Shredding Personnel Files

Shredding Personnel FilesRegulations You Need to Know

Do you know when shredding personnel files is allowed? Shredding too soon puts your business at risk for running afoul of the Fair Labor Standards Act (FLSA). Yet waiting too long means files stack up, putting an unnecessary strain on your time, space and financial resources.

Fair Labor Standards Act

Under the Fair Labor Standards Act, companies must keep basic records regarding employment, including time cards and backup information for wages, for at least two years. Payroll records, employment contracts, agreements, purchase records and other items must be retained for at least three years. In the event any information is involved in a lawsuit or legal matter, records should be kept past retention guidelines if necessary until the issue is resolved.

Family Medical Leave Act

Information related to FMLA claims should be retained at least three years. Such information might include dates leave is taken, leave requests, documents regarding leave policies and decisions, payment records associated with leave, and any medical records related to the leave or request.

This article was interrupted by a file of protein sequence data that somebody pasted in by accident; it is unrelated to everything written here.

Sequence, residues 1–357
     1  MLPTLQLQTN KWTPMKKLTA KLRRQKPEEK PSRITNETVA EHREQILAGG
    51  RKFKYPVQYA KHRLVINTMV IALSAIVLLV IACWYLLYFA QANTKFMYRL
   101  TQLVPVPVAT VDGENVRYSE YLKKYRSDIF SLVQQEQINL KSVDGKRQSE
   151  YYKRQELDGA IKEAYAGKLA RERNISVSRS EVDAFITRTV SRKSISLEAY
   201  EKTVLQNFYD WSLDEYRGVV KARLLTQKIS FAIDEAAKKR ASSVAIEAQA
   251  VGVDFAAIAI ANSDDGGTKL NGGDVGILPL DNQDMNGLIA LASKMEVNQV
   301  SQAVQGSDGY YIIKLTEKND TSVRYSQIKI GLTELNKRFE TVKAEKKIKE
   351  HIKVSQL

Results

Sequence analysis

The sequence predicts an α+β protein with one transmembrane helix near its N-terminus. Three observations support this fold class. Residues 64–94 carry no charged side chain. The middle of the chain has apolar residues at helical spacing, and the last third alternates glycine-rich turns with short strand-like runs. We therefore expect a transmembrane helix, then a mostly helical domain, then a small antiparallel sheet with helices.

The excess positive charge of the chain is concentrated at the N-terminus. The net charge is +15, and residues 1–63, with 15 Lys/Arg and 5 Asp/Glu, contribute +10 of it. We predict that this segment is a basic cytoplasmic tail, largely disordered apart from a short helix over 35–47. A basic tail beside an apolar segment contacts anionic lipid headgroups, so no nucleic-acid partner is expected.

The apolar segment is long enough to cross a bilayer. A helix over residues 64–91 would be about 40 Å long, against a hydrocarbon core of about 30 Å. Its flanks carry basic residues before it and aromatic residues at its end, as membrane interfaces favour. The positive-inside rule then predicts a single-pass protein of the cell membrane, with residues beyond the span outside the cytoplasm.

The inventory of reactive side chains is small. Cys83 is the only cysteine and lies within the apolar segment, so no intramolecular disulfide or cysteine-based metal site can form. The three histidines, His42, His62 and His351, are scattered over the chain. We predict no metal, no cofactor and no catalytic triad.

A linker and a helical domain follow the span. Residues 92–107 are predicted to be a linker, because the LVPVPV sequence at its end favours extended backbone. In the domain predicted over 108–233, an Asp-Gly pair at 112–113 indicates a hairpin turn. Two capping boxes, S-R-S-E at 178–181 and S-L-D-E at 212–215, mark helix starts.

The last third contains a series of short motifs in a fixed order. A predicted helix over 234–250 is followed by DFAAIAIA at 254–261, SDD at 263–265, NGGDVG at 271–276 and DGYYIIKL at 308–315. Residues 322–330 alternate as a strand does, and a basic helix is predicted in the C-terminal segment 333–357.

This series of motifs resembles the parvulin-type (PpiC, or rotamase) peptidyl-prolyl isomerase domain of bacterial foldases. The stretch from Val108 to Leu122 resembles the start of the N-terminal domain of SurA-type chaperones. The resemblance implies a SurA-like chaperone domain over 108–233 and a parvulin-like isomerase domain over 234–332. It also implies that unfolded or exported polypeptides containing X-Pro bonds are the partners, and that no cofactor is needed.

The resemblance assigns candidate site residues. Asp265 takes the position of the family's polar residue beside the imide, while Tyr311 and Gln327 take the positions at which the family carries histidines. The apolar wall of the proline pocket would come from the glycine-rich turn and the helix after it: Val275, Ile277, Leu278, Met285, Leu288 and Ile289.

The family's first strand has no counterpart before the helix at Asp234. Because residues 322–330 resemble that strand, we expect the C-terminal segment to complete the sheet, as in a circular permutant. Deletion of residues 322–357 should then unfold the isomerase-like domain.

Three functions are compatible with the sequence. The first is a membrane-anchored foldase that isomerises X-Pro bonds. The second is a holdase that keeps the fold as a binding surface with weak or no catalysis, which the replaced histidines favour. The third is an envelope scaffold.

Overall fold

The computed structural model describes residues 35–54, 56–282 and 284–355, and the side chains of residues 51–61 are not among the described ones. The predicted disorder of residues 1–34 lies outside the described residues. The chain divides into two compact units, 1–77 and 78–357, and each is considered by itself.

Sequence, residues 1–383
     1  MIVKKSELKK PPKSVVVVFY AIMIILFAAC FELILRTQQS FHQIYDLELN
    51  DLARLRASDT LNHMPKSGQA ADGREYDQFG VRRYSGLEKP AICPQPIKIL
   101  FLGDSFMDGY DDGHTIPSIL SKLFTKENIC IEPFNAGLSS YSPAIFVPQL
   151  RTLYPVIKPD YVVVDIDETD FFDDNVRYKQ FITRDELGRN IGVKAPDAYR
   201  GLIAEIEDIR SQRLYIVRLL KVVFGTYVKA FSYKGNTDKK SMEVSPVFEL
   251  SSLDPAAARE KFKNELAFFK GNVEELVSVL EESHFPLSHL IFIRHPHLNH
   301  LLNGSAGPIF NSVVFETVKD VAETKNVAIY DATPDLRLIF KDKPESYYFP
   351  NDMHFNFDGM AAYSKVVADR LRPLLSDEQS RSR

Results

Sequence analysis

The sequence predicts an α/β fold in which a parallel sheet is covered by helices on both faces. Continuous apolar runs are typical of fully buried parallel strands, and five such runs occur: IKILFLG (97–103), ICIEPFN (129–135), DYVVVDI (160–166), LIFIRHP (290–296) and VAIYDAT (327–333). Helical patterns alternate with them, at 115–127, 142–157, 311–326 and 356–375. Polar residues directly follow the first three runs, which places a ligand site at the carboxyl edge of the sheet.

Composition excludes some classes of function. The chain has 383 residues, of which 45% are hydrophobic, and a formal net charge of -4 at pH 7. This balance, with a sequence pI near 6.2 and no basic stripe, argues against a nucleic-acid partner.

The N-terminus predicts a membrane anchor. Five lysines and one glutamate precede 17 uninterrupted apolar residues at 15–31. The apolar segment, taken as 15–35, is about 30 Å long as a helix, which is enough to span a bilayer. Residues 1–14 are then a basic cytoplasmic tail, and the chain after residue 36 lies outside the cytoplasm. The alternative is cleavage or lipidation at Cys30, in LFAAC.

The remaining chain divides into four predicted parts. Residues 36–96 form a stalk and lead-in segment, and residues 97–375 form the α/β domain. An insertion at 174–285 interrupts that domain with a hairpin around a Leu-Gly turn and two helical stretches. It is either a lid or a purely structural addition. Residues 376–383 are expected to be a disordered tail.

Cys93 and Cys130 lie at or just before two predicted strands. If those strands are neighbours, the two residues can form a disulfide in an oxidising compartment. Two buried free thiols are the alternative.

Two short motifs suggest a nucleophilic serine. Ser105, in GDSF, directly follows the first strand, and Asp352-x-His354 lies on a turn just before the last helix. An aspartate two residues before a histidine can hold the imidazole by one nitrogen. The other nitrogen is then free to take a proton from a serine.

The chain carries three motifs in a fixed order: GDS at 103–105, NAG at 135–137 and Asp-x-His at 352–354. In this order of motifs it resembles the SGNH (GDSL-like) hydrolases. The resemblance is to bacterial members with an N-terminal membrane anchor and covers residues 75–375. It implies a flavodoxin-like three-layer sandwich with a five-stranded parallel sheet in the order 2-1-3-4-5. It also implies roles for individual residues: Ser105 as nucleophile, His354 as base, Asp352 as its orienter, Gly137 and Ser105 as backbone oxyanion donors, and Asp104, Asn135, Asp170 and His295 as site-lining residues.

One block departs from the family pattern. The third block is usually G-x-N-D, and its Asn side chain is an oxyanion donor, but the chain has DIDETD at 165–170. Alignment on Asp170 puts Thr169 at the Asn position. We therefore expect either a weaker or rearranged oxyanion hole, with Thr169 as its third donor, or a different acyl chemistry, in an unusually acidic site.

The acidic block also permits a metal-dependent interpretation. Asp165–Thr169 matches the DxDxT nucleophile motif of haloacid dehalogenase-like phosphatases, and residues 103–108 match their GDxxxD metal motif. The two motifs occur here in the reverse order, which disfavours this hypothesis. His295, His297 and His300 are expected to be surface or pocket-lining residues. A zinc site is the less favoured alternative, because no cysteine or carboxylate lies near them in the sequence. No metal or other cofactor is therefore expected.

Other Documents to Keep

Records related to workplace injuries and illnesses must be kept for five years, though OSHA requires certain documents to be kept for 30 years. Immigration documents regarding legal workers should be retained for at least one year following the last day of work performed by a worker, and retirement plan payment documentation should be retained at least six years. Please note that there may be difference with Cal OSHA regs so consult your HR legal services provider.

After Retention: Shredding Personnel Files

Following retention guidelines protects your company, but shredding personnel files protects both your company and your current and former employees. Employment records are filled with personal information, including social security and account numbers, making them a prime target for identity thieves. Work with Sergeant Shredder to protect records against data security threats after retention requirements have passed. We suggest reviewing this list of items we routinely shred to make sure you aren’t accidentally throwing away items that should be shredded.

Of course, talk with your business’ employment legal counsel to make sure your industry requires storing personnel-related information for a longer period of time.

How often do you schedule shredding of personnel files?